Recently, around 450 industry representatives from 39 different nations came to Salzburg for the International Electronics Recycling Congress (IERC) to speak on the current developments in the e-waste market and how it relates to the circular economy.
One of the main focus areas of the conference was the further development of the circular economy. Three keynote speakers opened the congress – Aaron Goldberg, and expert on the Basel Convention; Steven Clayton, regulatory affairs manager at Samsung; and Dr Janez Potocnik, co-chair of the UN International Resource Panel and former EU Environment Commissioner.
Among other things, representatives of HP and the SIMS Group presented their recycling activities for printers. Further presentations explained measures for the further development of the recycling economy in Norway and Denmark.
Parallel to this, recycling experts presented new technological developments for the recycling of e-waste. The focus was on advanced solutions and smart separation and shredding.
This year’s country reports, which are an integral part of the IERC, also showed that the e-waste markets in the individual countries are very different. There were presentations on the development of producer responsibility in South Africa and future opportunities for e-waste in India.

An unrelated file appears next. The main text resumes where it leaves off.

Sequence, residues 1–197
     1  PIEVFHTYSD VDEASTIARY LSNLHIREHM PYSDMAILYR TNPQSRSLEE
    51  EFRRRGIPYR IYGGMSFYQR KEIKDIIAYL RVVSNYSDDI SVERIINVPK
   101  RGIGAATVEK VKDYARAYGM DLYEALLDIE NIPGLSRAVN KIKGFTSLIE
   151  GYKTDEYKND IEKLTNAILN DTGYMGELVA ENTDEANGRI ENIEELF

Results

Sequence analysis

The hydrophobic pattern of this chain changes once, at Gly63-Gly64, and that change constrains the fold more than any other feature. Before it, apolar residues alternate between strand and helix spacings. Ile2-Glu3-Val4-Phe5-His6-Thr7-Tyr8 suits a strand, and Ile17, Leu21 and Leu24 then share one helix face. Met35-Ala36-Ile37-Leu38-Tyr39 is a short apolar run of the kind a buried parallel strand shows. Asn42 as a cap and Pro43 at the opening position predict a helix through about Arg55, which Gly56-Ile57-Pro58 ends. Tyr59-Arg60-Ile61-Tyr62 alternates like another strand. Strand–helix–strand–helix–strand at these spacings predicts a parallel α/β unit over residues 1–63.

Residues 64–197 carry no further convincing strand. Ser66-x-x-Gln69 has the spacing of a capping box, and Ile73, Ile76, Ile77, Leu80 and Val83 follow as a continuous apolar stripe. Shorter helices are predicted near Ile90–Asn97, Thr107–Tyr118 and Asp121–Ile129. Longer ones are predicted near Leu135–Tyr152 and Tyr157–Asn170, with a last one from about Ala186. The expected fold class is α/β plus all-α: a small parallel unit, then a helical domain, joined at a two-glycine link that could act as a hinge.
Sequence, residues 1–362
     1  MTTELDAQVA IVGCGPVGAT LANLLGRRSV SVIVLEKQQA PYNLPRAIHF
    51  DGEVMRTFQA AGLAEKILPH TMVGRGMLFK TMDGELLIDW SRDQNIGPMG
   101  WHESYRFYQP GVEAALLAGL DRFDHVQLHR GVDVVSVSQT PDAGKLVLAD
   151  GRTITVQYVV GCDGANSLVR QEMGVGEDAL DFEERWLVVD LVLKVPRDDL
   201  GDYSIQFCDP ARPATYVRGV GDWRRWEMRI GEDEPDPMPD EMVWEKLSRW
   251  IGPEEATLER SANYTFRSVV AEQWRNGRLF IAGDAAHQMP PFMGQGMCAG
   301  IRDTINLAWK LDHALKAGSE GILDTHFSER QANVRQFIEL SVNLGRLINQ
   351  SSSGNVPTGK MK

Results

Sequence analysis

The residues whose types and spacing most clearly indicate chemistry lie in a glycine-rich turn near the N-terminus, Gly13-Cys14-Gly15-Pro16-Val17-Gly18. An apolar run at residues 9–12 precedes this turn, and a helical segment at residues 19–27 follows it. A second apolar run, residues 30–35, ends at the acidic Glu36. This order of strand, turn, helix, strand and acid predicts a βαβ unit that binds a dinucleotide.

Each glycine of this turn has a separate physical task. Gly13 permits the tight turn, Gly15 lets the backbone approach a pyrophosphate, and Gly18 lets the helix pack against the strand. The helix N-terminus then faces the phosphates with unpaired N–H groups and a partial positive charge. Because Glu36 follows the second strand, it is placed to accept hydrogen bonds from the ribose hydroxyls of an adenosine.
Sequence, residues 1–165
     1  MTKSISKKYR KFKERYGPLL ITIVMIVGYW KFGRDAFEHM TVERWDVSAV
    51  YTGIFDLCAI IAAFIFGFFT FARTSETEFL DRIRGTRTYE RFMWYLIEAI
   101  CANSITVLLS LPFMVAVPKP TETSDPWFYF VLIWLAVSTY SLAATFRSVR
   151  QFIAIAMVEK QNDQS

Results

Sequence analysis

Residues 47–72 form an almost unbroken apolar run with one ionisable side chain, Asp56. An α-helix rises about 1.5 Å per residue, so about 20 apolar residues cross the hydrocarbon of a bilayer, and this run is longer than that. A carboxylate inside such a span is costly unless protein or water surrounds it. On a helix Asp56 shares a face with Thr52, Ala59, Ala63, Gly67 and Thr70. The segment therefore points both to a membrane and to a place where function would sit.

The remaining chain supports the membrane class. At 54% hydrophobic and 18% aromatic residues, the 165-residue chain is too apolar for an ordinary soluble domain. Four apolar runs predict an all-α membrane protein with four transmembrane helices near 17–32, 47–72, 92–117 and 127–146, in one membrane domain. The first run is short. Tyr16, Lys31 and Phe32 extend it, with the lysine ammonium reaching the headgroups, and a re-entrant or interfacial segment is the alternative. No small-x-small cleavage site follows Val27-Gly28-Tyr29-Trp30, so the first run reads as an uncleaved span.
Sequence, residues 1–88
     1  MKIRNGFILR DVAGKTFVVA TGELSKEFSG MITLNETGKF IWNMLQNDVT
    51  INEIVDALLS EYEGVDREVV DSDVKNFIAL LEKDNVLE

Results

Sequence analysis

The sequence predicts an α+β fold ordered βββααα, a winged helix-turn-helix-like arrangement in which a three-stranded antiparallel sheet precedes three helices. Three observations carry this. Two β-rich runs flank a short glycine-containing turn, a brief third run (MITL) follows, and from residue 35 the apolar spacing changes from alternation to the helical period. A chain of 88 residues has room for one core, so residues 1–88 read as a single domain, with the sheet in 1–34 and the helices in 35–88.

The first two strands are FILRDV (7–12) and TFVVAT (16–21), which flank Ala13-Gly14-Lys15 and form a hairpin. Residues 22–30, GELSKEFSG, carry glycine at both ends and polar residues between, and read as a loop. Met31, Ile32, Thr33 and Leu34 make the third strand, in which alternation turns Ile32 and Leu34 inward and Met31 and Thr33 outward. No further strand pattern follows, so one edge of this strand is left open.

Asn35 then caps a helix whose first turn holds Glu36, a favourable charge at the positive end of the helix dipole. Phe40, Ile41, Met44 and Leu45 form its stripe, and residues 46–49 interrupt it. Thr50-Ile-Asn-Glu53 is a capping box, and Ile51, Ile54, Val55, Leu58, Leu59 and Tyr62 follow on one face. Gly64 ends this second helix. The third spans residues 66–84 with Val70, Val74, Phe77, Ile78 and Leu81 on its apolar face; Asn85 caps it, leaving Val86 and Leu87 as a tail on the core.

Other presentations focused on the new electrical and e-waste recycling plant in Hong Kong. And, last but not least, renowned experts discussed the impacts and opportunities of China’s scrap import restrictions in a round table.
Many other topics were on the agenda, including the current uncertainty about the further development of the discussion about the possible tightening of the thresholds for plastics containing decaBDE from waste electrical and electronic equipment.
For the first time, the IERC also examined the impact of the new EU General Data Protection Regulation (GDPR) on the e-waste industry and took stock of the implementation of the new ‘WEEE Open Scope’ approach.
Presentations on the new rules for the transport of lithium batteries and lithium batteries contained in equipment also met with great interest. This also applied to the presentation on new UN classifications for transport of lithium batteries, related to their hazardous materials.